St Alban's Church

Churchill Parken 6, Langelinie, DK 1263, Copenhagen, Denmark | Map


Today is: Tuesday 16th, 2019

At Christmas, God says, “I give you my Word” - A Message from the Chaplain

Posted on Saturday 10th December, 2016

My dear friends,

At Christmas, God says, “I give you my Word”.

I recently came across a wonderful piece of writing from the American novelist, essayist and theologian Frederick Buechner. His insights have shed new light for me on this coming season of Christmas. In the book Wishful Thinking: A Theological ABC, Buechner compares God to a writer searching for the mot juste, searching for that one elusive word which will convey his meaning and purpose.

Word after word God tries in search of the right word. When the creation itself doesn't   seem to say it right — sun, moon, stars, all of it — God tries flesh and blood. God tried   saying it in Noah, but Noah was a drinking man. God tried saying it in Abraham, but   Abraham was a little too Mesopotamian with all those wives and whiskers. God tried   Moses, but Moses himself was trying too hard; tried David, but David was too pretty for his  own good. Toward the end of his rope, God tried saying it in John the Baptist with his   locusts and honey and hellfire preaching, and you get the feeling that John might almost   have worked except that he lacked something small but crucial like a sense of the   ridiculous or a balanced diet.

So God tried once more. Jesus as the mot juste of God. “The word became flesh,” John  said, of all flesh this flesh. Jesus as the Word made flesh means take it or leave it: in this  life, death, life, God finally manages to say what God is and what human is. It means: just  as your words have you in them — your breath, spirit, power, hiddenness — so Jesus has  God in him.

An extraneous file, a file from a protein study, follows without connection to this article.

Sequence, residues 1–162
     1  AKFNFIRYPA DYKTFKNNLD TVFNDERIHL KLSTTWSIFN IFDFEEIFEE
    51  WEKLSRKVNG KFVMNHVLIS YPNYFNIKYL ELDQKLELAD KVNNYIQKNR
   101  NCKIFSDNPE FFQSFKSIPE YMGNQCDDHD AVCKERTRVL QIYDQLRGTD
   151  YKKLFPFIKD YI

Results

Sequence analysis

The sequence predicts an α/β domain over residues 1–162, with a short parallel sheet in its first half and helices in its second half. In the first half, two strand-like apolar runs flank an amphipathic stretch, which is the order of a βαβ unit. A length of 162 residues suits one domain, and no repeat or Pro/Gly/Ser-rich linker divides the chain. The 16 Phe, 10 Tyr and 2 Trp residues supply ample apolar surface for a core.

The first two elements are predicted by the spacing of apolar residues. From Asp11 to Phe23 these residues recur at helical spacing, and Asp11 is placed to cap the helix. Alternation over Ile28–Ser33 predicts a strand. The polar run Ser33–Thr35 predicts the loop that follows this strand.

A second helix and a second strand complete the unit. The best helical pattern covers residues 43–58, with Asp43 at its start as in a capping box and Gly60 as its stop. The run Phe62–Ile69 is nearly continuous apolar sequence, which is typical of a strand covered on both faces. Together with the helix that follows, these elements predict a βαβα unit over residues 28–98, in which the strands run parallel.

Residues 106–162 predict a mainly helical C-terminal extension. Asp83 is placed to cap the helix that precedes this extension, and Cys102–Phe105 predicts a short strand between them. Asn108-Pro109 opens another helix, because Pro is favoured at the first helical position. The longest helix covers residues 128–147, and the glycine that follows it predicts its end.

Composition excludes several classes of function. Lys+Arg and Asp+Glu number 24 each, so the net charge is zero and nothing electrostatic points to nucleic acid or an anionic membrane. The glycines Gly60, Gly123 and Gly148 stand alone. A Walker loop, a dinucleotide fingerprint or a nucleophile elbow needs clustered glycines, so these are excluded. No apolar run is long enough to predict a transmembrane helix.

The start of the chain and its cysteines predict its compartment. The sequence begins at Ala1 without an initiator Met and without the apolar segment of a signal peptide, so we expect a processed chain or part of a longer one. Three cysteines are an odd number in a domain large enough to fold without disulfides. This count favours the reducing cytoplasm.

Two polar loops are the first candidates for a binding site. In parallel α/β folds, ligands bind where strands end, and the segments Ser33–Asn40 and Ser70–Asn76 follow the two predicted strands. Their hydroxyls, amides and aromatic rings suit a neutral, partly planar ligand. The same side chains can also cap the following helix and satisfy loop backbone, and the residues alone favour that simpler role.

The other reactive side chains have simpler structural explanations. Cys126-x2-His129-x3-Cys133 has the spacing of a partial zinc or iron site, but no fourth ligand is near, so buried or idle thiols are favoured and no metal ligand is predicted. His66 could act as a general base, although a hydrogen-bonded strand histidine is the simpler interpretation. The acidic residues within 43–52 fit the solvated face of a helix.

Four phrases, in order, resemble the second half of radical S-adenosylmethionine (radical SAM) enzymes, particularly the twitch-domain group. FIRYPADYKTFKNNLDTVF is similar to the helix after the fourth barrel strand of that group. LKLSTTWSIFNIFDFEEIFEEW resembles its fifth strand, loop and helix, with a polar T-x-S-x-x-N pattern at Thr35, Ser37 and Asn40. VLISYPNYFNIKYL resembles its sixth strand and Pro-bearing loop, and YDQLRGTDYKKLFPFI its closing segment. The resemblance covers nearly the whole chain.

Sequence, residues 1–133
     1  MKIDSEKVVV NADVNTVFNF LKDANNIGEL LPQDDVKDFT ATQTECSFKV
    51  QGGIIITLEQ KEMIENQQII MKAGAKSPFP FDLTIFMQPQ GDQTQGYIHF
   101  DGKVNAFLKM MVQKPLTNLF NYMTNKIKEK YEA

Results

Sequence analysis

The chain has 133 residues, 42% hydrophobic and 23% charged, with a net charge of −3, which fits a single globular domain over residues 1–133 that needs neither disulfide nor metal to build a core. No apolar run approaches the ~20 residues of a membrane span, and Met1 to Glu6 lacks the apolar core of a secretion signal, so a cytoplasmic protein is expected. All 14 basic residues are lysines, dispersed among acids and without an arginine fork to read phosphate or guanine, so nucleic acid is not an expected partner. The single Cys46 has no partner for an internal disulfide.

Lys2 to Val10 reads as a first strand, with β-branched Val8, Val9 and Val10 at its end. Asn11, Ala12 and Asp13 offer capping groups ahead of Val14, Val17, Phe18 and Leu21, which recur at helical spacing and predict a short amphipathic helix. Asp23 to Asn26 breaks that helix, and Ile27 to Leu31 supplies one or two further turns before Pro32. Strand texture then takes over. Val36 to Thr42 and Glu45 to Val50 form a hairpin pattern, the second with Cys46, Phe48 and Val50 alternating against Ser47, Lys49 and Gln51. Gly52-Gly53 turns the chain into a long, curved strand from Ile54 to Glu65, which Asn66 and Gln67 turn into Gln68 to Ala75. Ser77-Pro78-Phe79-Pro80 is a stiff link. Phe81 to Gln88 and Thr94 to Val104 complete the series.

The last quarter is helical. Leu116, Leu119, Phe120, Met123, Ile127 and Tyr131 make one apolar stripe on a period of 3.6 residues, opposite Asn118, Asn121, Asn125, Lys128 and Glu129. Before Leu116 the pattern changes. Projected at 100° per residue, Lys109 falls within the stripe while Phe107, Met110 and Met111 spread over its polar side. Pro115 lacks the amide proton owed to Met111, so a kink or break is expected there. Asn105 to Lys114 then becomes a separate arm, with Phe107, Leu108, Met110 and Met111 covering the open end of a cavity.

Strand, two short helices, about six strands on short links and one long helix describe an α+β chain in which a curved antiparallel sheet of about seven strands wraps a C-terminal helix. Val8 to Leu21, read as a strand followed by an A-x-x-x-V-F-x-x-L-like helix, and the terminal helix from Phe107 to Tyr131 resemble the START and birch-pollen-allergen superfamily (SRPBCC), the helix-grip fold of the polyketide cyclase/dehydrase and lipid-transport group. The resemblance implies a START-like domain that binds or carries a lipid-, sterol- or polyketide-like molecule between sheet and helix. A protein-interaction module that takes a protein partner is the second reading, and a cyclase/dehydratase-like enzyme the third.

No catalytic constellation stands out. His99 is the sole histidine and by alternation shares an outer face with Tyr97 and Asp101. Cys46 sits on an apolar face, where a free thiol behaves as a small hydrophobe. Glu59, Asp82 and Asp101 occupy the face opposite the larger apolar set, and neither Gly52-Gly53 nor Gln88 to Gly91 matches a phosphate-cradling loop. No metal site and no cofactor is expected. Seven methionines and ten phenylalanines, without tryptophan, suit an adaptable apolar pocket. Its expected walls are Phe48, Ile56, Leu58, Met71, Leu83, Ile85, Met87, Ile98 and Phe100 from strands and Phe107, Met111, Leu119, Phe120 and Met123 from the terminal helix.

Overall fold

Beautiful, isn’t it? And what it tells us is that at Christmas God gives us his word — both his Word made flesh in Jesus, and also his word that nothing can finally separate us from his love. Christmas is a promise — a promise that in Jesus of Nazareth we see not only what God is like but also what a truly-alive human being is like. And Christmas is a pledge — a pledge that through the Spirit of Christ at work in us we too are empowered to give our lives away — to give our lives away in love, just like Jesus did.

At Christmas, God says, “I give you my Word” — and that Word is trustworthy and true.

Enjoy the celebrations!



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